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China Turns Against Baidu, Ulterior Motives Hide in Plain Sight

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DailyFeed


It was just last year that Baidu founder Robin Li said, "The Chinese government still would like to see U.S. internet companies explore the Chinese market, providing they are willing to abide by Chinese law."

The restrictions have been a problem at best and a dealbreaker at worst for everyone from Yahoo to Microsoft to, most famously, Google. And now it looks like Baidu forgot to drop off someone's monthly envelope at Communist Party HQ, because China seems to be laying the groundwork to "disappear" the company.

According to Asia Briefing's 2point6billion.com, China's state broadcaster CCTV aired a program Wednesday night "blasting" Baidu for the way it ranks search results.

“Baidu’s Phoenix system is the same as a regular price ranking system. The only difference it made is that it’s hidden deeper, harder to figure out, plus it’s more expensive,” said the CCTV reporter, before showing viewers a series of fraud cases involving companies that appeared in Baidu's search results.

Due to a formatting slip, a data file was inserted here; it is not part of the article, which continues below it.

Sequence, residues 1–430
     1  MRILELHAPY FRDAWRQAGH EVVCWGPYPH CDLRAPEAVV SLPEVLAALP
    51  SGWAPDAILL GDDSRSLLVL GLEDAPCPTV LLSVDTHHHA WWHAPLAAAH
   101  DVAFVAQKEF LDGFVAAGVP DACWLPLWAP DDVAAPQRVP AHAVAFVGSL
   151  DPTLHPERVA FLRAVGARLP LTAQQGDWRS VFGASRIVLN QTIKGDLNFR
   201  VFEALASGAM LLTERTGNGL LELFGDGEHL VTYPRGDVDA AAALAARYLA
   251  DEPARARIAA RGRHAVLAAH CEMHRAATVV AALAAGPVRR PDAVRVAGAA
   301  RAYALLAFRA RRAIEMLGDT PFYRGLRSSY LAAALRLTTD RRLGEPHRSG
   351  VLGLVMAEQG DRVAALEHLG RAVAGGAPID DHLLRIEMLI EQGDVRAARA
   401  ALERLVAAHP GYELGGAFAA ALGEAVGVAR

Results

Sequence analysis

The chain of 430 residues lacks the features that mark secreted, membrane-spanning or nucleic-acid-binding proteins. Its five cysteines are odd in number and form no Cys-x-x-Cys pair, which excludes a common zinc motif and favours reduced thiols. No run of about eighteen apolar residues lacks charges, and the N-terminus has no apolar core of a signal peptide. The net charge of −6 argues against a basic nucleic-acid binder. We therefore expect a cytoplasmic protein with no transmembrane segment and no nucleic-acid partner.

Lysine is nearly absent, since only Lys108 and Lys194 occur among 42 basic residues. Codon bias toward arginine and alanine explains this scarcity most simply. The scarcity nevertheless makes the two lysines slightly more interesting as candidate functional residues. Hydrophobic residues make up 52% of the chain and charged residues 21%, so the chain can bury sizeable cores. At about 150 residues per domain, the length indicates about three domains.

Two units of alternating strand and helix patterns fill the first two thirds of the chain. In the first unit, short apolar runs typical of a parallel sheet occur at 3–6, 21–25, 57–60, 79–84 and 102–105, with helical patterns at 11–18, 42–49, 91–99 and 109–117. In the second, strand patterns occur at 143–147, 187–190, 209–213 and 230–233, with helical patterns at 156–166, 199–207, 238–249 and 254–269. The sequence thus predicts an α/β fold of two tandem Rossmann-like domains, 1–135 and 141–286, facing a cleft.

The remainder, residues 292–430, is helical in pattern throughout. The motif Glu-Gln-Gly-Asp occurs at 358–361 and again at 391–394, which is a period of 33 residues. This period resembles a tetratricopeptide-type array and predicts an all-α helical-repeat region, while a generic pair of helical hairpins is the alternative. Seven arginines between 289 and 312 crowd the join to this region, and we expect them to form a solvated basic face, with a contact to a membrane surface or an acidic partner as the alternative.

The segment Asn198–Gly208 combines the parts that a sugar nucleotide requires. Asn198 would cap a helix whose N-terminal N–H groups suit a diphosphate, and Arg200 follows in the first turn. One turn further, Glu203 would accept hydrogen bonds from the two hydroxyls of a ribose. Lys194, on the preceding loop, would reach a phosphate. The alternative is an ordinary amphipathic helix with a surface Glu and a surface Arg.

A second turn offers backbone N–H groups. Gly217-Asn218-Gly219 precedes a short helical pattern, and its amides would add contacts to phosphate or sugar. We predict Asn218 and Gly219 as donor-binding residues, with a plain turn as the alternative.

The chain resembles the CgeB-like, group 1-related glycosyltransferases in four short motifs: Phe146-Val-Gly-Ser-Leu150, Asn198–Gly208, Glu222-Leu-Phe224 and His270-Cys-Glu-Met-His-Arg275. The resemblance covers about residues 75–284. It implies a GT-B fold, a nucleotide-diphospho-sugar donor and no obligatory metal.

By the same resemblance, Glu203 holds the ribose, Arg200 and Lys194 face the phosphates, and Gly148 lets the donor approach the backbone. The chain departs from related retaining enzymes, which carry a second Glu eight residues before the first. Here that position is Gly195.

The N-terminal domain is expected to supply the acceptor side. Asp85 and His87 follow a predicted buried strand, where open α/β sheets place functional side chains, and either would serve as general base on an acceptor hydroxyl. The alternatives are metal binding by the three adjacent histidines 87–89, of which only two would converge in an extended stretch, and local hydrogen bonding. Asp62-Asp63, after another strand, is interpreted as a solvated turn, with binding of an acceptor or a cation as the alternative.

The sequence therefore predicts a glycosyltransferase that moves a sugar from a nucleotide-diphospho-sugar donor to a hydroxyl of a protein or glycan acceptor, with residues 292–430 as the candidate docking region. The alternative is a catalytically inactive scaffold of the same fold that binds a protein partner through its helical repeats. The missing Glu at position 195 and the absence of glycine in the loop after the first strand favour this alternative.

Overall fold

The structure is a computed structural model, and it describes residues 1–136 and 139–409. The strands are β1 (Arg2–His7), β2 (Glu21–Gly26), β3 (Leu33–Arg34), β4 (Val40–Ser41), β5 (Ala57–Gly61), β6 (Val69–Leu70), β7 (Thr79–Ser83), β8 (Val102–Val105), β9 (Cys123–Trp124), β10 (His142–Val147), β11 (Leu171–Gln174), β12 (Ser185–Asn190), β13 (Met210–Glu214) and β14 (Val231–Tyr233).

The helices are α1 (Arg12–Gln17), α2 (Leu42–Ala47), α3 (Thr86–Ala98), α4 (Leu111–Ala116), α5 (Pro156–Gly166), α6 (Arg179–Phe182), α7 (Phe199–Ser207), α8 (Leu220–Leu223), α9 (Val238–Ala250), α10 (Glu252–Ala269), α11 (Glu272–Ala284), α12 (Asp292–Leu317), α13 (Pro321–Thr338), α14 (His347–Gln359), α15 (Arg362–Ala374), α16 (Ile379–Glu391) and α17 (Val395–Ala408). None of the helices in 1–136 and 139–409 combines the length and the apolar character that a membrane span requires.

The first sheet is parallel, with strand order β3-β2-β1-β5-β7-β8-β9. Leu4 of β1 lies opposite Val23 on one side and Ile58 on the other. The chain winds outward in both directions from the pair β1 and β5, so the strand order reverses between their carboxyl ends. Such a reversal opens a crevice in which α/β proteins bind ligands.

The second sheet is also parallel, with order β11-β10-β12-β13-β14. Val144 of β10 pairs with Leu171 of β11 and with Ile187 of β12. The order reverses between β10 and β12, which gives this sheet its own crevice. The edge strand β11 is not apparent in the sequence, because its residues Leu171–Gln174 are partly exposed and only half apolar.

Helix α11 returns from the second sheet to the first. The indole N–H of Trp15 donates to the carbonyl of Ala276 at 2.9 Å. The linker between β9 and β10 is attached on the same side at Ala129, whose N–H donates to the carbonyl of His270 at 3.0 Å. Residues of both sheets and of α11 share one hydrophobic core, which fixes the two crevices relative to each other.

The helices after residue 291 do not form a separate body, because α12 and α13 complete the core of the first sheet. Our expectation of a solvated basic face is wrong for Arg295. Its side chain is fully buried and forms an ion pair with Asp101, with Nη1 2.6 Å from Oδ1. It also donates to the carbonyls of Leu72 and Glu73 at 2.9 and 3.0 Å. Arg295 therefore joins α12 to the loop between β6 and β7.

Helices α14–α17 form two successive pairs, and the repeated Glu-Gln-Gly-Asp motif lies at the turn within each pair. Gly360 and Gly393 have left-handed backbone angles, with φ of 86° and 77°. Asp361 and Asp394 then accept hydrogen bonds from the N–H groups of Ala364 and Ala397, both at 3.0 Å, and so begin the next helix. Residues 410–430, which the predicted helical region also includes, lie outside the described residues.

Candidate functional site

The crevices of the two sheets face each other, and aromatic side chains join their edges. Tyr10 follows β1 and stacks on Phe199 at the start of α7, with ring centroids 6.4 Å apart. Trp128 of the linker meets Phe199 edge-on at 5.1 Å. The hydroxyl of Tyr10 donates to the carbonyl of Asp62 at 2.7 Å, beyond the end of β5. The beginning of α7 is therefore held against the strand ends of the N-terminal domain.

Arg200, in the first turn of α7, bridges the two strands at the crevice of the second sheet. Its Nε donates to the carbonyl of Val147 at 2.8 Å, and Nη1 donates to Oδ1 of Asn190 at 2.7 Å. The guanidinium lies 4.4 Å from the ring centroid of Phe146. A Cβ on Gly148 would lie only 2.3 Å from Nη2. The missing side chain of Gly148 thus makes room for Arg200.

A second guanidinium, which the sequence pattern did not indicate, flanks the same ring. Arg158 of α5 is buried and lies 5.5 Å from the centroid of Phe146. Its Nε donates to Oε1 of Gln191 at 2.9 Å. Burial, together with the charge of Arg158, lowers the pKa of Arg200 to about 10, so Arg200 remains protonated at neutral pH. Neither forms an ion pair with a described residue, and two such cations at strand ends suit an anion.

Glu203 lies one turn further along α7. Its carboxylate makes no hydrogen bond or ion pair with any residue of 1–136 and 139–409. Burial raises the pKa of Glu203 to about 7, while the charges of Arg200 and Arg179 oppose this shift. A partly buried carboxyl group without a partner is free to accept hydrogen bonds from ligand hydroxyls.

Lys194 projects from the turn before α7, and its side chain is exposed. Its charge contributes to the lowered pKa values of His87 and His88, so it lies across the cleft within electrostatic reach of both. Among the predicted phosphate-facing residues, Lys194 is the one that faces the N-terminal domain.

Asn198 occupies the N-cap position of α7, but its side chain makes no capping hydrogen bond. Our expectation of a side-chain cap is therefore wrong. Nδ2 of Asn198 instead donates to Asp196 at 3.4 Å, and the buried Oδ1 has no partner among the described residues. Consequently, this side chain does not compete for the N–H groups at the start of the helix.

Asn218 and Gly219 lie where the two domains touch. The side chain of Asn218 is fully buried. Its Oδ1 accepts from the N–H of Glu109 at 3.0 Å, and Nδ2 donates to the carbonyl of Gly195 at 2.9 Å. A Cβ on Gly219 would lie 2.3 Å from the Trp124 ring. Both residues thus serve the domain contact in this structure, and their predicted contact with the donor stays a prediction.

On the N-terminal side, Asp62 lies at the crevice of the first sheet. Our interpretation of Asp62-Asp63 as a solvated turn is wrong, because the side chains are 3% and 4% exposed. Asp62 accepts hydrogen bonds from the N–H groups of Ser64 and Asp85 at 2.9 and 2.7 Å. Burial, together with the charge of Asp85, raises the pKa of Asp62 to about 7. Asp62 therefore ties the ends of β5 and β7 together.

This comes shortly after Communist Party organ, the People's Daily, ran an article that said, “As suggested by some experts, if Baidu cannot discipline itself, authorities should consider stepping in. Just as we do not live for food, Baidu should not just exist for money."

Why now? Asia Briefing says, "behind CCTV’s criticism of Baidu lies the possibility that CCTV is attempting to take a piece of China’s booming online sector, which is now dominated by private enterprises."

The possibility is certainly within, well, the realm of possibility. From 2point6billion.com:

Interestingly enough, netizens tended to question CCTV’s motive every time it made similar reports on Baidu. Some speculate that CCTV, as a state-owned broadcaster, always makes a fortune with its advertising business. Now Baidu has replaced CCTV with the rapid rise of internet media and, as a result, CCTV is facing the loss of its “Media King” status as well as some of its advertisers. Moreover, a month before CCTV launched its own search engine in January 2010, it made another report, blaming search engines including Baidu for providing pornographic web site links.

Moreover, a month before CCTV launched its own search engine in January 2010, it made another report, blaming search engines including Baidu for providing pornographic web site links.

Competition in the search business is tough. Competition in the search business when the company gunning for you is the Chinese government is...tougher.
POSITION:  No positions in stocks mentioned.

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